We think the Jencks case is clearly distinguishable from the one at bar. First, the documents sought in Jencks were reports written by witnesses as to events which the witnesses personally observed and about which they were testifying. In the present case, defendant seeks access to a document which is to a large extent a synthesis of reports made by officers other than the witness, most of whom were not scheduled to call to testify at the trial. Thus, the defense was seeking a report which was saturated with exclusionary hearsay and therefore outside the scope of Jencks. Secondly, in Jencks the motion for production was directed to a singularly identified, highly relevant and material set of documents which contained, theoretically at least, a written account of the precise *262 matters about which the witnesses were testifying. In the instant case, however, defendant offered a blunderbuss motion for a report which contained heaps of irrelevant, meaningless, and unimportant detail about which the witness was not testifying. In effect, to permit defendant to probe the supervisory report prepared by Newton would have been equivalent to the issuance to defendant of a veritable license to engage in a fishing expedition of the type specifically proscribed in Gordon. We therefore believe that the rule in Jencks is inapposite for purposes of this case and accordingly hold that the trial justice properly denied defendant's request for the state police report.

Likewise, we also overrule defendant's exception to the court's refusal to allow counsel to ask a question of Captain Newton as to whether his recollection was as of the time of the investigation or at some later time. At the time this question was posed, the court was conducting an inquiry in the absence of the jury as to the voluntariness of certain answers given to certain questions by defendant in the Providence police station. Whether the witness was or was not testifying from memory was not germane to the issue then before the court, and defendant's question was therefore irrelevant. The defendant did ask this witness several times while the jury was present if he had used the headquarters' file to refresh his memory prior to his testifying in court. Captain Newton insisted that he had not. The witness stated that he was testifying from memory as to the events which transpired five months earlier. Accordingly, defendant's exception above is overruled.

II The Insanity Issue

In Rhode Island, a defendant, if he raises the issue of his insanity, has the burden of proof with respect thereto and a court can instruct the jury that a presumption of the defendant's sanity survives unless they are convinced that the defendant is insane. State v. Quigley, 26 R.I. 263, 58 A. 905, 67 L.R.A. 322; State v. Harris, 89 R.I. 202, 152 A.2d 106. As part of meeting his burden, defendant first summoned to the stand Dr. Robert R. Mezer. Doctor Mezer stated that he had been hired by the state and at its request had been present in court observing defendant since the trial began nine days ago. He also testified that he had studied certain psychiatric and other records and documents concerning defendant which had been furnished to him by the state. When the doctor volunteered the statement that the attorney general would not prosecute a defendant whom the physician thought insane, defense counsel summarily excused the witness from the stand. The state did not cross-examine the doctor but expressly reserved its right to call him in rebuttal.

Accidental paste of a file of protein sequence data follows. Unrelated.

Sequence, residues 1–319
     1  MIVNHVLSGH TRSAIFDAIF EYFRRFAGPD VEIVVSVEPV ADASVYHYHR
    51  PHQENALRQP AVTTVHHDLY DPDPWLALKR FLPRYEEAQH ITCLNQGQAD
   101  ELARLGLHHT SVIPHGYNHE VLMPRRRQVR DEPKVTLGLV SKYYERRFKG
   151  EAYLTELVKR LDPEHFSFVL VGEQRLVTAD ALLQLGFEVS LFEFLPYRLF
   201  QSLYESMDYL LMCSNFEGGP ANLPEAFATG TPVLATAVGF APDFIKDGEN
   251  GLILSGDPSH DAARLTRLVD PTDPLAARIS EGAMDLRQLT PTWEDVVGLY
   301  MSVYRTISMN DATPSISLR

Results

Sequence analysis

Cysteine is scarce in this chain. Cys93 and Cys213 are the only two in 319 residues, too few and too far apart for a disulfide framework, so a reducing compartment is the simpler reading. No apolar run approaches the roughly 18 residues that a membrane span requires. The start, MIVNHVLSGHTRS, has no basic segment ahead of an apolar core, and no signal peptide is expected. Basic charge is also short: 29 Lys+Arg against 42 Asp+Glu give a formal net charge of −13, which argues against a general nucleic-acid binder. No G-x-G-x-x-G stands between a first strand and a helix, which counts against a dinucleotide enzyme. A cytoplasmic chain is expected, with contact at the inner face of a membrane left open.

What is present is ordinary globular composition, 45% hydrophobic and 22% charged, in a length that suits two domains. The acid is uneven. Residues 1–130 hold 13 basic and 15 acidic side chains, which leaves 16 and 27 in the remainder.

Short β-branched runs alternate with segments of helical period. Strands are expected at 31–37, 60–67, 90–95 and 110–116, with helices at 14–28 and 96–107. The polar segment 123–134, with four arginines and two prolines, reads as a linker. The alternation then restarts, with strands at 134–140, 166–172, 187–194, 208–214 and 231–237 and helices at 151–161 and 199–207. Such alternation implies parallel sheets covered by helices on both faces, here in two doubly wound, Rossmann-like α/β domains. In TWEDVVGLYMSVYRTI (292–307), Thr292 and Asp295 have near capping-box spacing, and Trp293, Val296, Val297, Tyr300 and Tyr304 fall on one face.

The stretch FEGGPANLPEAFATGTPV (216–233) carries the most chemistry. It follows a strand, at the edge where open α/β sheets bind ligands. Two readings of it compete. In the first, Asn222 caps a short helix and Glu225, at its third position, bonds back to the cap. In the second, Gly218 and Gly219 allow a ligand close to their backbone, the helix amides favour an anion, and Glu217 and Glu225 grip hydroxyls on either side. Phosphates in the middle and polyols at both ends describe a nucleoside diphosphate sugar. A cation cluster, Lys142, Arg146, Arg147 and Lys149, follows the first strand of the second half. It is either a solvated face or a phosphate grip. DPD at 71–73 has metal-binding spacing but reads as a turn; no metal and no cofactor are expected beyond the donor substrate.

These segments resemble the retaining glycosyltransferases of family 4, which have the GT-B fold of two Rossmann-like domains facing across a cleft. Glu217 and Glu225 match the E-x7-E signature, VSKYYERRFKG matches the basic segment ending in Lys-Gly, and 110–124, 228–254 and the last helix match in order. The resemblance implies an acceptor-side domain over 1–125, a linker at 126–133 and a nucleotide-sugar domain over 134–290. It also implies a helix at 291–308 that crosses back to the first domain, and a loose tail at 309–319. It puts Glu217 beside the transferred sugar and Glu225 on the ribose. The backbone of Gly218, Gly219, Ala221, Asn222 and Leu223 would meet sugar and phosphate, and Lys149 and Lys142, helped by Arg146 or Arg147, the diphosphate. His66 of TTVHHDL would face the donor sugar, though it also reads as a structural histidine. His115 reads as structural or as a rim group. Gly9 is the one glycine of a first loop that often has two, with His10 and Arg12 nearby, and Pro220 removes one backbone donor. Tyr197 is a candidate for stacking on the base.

The defense thereupon introduced into evidence as full exhibits certain records of the department of social welfare. This is the department of state government charged with the operation of our penal institutions. Included among these documents were certain records of the department's division of mental hygiene services. These records were the results of examinations made of defendant by the division's psychiatrists and psychometrists during the time defendant was in jail prior to his June 10 parole. The defense not only introduced the records into evidence but they were read aloud to the jury. Letters sent by defendant to various individuals while he was imprisoned in 1954-55 were also read to the jury.